Mon 26 – Pancakes – photos under scallops – Starlight HSD – rained 3am onwards – water from below ent pitch

Finished off last of the fresh eggs with pancake breakfast. Packed kit for move to Hang Song Doong.Raining heavily from 3am onwards. Carsten took some interesting looking shots in the heavily scalloped passage between 1st & 2nd chamber before we set off around mid-day for HSD, looking at gully leading to Khe Ry on the way. Cosy camp set up in HSD porch, “Starlight”, entrance pitch rigged as a protected climb & water collected from the underground river below. Porters cook wonderful meal of pork & rice

Tues 27 – 2 river crossings – 4 porters taking loads to LPF

Down to the river & both crossings rigged with tensioned tyrolean’s, 4 porters pass taking loads to the next camp at Level Playing Fields.Carsten spends hours taking photos of both crossings from various angles including from underwater.Camped again at Starlight, porters cooked beef & rice – superb.

Weds 28 – Hand of Dog – LPF Camp – water in rift – thunderstorm – water higher

Woke up to a monumental thunderstorm, cloud rolling down into the entrance slope. Starlight camp remains dry & squirrel noted foraging in trees. Camp broken & loads taken into cave with intent to set up new camp at Level Playing Fields. Water levels have increased.

Carsten asks that I make my way to top of Hand of Dog, 800m in distance & flash forward. We are down to just 3 w/talkies between 5 stations (1 w/t taking an early bath during the river crossing photos) so agree rudimentary signaling system using lights. Hand of Dog easy climb onto 1.5 x 1.5m tabletop. I’m then on this for over 4 hours(!!!) as various photos taken. Unable to express dissatisfaction with time taken as no w/talkie & flashing my light in an agitated manner fails to produce satisfactory, indeed any, response.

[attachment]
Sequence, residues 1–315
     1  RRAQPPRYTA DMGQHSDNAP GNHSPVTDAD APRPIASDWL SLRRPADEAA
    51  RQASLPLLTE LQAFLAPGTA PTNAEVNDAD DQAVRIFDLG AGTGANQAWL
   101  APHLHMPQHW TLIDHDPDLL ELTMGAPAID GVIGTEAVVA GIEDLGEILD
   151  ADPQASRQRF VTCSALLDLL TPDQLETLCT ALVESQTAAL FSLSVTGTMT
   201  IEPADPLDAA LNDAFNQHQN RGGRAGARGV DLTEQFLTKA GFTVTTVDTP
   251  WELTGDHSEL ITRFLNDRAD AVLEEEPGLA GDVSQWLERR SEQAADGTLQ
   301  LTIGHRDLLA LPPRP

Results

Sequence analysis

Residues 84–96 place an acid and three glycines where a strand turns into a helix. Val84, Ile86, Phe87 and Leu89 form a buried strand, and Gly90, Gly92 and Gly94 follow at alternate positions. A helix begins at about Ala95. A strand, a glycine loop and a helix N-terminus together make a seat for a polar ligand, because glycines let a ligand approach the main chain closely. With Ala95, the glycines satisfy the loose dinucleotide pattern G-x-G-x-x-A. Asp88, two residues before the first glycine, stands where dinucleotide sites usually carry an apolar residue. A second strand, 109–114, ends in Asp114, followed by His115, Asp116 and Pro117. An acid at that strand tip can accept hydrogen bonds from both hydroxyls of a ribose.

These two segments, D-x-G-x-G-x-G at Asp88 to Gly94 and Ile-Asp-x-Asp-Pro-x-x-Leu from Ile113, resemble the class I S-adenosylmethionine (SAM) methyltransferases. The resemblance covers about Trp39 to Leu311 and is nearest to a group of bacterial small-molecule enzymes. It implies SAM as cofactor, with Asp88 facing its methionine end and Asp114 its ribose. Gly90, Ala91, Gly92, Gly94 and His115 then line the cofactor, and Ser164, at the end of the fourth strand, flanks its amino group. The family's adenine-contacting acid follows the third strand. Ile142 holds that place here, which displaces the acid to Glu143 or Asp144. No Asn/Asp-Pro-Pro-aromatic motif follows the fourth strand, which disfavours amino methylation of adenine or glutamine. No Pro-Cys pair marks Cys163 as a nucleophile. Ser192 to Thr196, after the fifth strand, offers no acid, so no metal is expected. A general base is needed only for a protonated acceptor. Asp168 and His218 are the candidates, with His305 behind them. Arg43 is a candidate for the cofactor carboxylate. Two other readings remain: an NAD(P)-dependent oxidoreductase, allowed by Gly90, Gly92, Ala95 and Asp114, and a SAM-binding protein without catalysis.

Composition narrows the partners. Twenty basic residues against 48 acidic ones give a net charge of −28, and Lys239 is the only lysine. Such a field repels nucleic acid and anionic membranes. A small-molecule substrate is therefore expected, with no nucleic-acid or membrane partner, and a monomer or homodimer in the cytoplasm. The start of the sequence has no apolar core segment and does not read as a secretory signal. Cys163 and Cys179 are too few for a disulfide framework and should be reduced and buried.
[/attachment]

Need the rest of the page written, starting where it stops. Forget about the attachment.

Finally, circular light movement indicates photography finished & perch can be abandoned. Make way to LPF, dump kit & make way back to help carry gear.

Carsten forbids open fire cooking at camp so as to maximise chances of keeping the cave clear for his large passage pictures. This doesn’t go down well with the porters & we end up cooking own food on petrol stoves.

Thurs 29 – RCS 30 – ropes stolen – photo across gully – new pass – 2 more porter loads form entrance – S/Pen stops working

Robbie is 30 today. Happy Birthday. 2 porters bring in surface loads & advise the entrance pitch ropes have been stolen! This is the 2nd time & is a worrying situation as 1 porter already slipped on entrance climb & it’s not difficult to envisage a serious accident taking place.